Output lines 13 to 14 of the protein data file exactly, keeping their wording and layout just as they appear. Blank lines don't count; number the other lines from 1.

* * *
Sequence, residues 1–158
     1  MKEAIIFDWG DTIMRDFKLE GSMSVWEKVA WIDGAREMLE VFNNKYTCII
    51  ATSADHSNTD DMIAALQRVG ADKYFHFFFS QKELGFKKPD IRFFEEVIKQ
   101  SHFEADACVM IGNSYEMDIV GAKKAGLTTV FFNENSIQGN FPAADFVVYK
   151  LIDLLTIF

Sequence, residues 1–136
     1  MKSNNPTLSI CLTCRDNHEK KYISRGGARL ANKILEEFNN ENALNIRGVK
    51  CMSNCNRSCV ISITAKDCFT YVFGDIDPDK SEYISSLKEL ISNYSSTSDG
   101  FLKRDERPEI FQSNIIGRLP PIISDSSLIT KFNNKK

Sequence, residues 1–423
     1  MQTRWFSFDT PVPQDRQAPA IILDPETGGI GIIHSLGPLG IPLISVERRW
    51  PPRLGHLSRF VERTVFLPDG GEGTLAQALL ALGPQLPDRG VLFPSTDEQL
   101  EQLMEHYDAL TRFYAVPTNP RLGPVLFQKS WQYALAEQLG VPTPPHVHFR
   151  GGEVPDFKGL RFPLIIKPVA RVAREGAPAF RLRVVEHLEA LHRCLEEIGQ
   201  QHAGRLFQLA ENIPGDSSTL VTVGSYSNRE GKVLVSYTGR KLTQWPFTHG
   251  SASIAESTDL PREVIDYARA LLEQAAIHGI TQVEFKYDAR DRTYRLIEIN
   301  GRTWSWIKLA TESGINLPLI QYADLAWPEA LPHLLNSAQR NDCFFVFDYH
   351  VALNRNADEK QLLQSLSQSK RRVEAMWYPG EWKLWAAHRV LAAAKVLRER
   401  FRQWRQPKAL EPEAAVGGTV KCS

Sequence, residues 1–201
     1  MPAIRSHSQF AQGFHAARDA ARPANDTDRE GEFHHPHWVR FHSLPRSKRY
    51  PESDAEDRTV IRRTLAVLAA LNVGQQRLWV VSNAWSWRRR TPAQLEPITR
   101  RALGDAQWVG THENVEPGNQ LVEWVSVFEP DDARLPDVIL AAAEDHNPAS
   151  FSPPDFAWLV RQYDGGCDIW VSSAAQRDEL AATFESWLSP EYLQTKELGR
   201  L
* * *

   101  EQLMEHYDAL TRFYAVPTNP RLGPVLFQKS WQYALAEQLG VPTPPHVHFR
   151  GGEVPDFKGL RFPLIIKPVA RVAREGAPAF RLRVVEHLEA LHRCLEEIGQ